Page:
LAS VEGAS — Floyd Mayweather Jr. finally found himself in a real fight, complete with a bloody nose and an opponent in Miguel Cotto who was never going to quit.
As usual, he found a way to win.
Mayweather used his speed and accuracy Saturday night to take a unanimous decision over a game Cotto in a bruising bout to win a piece of the 154-pound title. But it wasn’t easy, as Cotto landed some hard punches and kept attacking all the way to the final bell.
“You’re a hell of a champion,” Mayweather told Cotto in the ring afterward. “You’re the toughest guy I ever fought.”
Mayweather dominated late, rocking Cotto in the 12th round to pull out a win and remain unbeaten in 43 fights. Unlike most of his fights, though, Mayweather got his nose bloodied and engaged in some bruising exchanges he usually likes to avoid.
Two judges scored the fight 117-111 and the third had it 118-110. The Associated Press had Mayweather winning 116-112.
Fighting just a few weeks before he enters a county jail to serve a three-month sentence for domestic abuse, Mayweather found himself in a tough fight against a game opponent who never stopped moving forward. But he was faster and more accurate than Cotto and seemed to wear him down in the final rounds.
In the last round, Mayweather landed his best punch of the night, a left uppercut that seemed to hurt Cotto. He followed that with several flurries to the head to wrap up a decision that until the later rounds had been in doubt.
The decision was roundly booed by the crowd at the MGM Grand arena, which cheered wildly every time Cotto landed a punch.
“He’s a tough competitor,” Mayweather said. “He came to fight, he didn’t just come to survive. I dug down and fought him back.”
Cotto was never down, though he seemed hurt several times during the fight, particularly in the 12th round.
“The judges said I lost the fight, I can’t do anything else,” Cotto said. “I’m happy with my fight and performance and so is my family. I can’t ask for anything else.”
Mayweather, who was guaranteed $32 million, was forced to fight every minute of all 12 rounds against the Puerto Rican champion. He did it after weighing in at 151 pounds, the heaviest he has ever been for a fight.
The weight didn’t seem to affect Mayweather, and neither did the heavier 10-ounce gloves at super welterweight. But he took some punishment, including a bloody nose during the middle rounds, before coming back to dish some out in the later rounds.
“When you fight on pay-per-view you have to give the fans what they want, and that’s excitement,” Mayweather said.
Mayweather entered the ring unbeaten in his 16-year pro career, and a 6-1 favorite to stay that way. The fighter who has become the biggest pay-per-view attraction in the sport padded his already thick wallet with the fight, but he was forced to earn every penny of it.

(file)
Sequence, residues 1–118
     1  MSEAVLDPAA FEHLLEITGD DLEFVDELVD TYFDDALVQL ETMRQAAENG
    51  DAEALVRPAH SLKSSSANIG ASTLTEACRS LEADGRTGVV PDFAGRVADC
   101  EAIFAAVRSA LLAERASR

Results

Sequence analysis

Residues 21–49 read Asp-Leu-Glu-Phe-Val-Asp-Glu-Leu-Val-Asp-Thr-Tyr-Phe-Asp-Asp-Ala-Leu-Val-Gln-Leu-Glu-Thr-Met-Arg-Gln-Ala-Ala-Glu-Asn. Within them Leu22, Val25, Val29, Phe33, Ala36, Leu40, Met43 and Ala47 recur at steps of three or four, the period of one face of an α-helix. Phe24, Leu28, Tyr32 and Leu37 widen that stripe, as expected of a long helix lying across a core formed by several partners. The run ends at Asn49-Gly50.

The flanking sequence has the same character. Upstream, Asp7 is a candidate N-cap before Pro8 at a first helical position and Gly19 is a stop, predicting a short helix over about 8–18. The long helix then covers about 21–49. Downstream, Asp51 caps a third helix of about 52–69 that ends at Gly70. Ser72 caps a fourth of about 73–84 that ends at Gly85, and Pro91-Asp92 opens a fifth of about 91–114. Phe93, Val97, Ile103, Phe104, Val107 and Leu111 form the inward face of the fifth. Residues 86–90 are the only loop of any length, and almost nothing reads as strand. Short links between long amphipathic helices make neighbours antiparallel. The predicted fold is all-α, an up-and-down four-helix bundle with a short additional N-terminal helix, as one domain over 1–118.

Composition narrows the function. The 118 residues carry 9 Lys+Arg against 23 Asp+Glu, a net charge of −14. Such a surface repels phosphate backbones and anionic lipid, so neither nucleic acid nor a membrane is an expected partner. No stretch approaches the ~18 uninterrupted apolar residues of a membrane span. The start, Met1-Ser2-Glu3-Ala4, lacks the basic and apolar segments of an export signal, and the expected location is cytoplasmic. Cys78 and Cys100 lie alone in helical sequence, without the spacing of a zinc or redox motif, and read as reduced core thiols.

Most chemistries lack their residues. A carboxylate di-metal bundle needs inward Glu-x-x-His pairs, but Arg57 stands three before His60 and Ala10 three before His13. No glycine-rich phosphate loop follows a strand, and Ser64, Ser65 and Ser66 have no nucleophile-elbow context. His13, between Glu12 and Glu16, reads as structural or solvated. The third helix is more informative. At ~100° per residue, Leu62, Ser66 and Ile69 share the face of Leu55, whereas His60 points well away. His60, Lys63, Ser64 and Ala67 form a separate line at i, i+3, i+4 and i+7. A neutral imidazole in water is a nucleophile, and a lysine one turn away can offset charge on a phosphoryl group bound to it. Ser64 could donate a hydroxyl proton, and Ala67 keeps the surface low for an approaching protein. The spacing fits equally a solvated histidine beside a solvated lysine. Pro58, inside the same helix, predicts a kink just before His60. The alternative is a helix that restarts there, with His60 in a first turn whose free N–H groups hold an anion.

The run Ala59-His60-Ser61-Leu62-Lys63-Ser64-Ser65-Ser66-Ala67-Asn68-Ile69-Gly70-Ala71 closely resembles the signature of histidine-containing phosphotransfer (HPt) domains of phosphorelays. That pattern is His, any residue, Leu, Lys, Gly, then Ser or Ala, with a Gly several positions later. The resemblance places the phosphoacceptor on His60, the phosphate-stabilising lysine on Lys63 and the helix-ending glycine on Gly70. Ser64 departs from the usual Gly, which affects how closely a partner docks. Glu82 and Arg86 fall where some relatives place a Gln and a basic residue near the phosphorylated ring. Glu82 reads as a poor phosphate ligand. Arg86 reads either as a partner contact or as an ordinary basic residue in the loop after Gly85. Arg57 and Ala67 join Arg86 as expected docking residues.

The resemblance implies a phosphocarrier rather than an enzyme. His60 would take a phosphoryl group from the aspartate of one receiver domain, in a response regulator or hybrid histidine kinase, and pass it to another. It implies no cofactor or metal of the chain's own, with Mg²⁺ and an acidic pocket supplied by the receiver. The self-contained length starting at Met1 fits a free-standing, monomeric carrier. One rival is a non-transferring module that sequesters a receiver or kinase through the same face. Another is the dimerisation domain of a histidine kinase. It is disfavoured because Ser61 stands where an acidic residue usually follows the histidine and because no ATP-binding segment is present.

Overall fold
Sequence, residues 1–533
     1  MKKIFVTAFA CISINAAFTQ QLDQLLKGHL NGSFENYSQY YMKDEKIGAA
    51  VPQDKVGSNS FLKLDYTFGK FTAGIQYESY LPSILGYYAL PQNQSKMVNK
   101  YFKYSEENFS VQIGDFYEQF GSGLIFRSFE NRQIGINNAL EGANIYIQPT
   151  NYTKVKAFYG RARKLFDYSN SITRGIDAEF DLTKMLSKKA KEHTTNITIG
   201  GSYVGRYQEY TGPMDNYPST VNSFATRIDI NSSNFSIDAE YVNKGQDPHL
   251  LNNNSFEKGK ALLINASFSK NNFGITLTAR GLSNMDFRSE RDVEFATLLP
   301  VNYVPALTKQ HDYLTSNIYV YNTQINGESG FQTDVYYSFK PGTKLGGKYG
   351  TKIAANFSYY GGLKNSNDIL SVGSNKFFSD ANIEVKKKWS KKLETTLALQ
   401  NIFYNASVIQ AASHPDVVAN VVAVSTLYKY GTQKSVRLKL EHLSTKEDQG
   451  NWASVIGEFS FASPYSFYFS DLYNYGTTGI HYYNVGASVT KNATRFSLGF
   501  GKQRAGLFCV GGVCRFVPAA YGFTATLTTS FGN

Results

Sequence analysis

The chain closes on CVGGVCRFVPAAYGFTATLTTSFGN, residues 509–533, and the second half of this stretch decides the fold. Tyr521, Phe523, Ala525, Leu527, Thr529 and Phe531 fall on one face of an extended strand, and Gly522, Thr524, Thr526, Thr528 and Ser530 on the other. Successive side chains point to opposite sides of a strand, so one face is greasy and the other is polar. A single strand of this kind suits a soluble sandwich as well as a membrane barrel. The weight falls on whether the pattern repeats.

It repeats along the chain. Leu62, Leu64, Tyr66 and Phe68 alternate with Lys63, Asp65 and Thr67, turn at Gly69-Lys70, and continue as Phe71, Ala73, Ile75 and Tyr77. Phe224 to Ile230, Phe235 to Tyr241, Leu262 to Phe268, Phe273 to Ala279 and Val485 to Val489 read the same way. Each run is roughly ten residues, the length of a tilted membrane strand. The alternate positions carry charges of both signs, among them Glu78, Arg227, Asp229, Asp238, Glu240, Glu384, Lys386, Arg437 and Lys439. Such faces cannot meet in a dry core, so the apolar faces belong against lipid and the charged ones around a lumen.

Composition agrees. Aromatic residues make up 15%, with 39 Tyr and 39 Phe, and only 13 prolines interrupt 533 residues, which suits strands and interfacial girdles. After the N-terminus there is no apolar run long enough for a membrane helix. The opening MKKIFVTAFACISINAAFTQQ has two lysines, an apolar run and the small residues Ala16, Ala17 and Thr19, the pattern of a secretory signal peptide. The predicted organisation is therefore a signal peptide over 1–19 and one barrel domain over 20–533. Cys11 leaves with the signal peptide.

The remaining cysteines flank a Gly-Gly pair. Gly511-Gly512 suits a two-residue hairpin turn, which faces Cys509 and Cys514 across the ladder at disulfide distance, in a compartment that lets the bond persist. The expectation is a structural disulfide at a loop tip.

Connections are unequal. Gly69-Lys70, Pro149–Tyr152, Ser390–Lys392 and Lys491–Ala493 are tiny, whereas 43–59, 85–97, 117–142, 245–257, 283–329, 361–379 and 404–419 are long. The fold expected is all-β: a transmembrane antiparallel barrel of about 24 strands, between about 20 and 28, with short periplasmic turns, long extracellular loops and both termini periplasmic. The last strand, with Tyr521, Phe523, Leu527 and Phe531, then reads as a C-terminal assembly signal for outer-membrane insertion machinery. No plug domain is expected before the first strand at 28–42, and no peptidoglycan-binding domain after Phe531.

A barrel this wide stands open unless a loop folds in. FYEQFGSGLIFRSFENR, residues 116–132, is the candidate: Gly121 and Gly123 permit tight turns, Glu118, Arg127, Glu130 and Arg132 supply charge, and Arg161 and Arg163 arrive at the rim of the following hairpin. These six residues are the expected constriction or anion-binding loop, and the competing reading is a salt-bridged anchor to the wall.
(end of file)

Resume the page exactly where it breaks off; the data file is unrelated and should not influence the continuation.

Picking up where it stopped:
The win gave Mayweather the 154-pound title held by Cotto, and assured him of still being a champion when he reports to jail June 1 for a sentence stemming from a domestic abuse case involving his former girlfriend and their children.
“In life there’s obstacles,” Mayweather said. “When it comes to June 1, I have to accept it like a man.”
Mayweather will be in jail when Manny Pacquiao fights in the same ring June 9 at the MGM Grand against Timothy Bradley. Though boxing fans have clamored for a Mayweather-Pacquiao fight, it has yet to be made — and may never be made.
That’s partly because of Mayweather’s insistence that Pacquiao submit to Olympic-style drug testing, though Pacquiao has already said he will do that.
“I want to fight Pacquiao but he needs to take the tests before we make that fight,” Mayweather said.
Cotto came out looking slow and overmatched in the first round, but quickly settled into a routine, attacking Mayweather from behind his left jab. But Mayweather got more aggressive coming out to start the fourth round, and landed a series of rights to the head that stunned Cotto and kept him from moving forward effectively.
Mayweather fought good portions of the fight on the ropes, using them for leverage and counterpunching to Cotto’s head when he opened up. He was not only quicker than Cotto, but more accurate, often landing in between Cotto’s defenses.
“He’s ready to quit,” trainer Roger Mayweather told his nephew after the sixth round.
But Cotto was relentless, coming forward and hitting Mayweather with good shots to the head. Toward the end of the eighth round he landed several punches to the head, prompting Mayweather to shake his head as if they didn’t hurt, but by then Mayweather was bleeding from the nose and looked like he had taken some punishment.
Punch stats showed Mayweather landing 179 of 687 punches to 105 of 506 to Cotto.
Cotto, who fell to 37-3, was guaranteed his biggest purse ever, $8 million.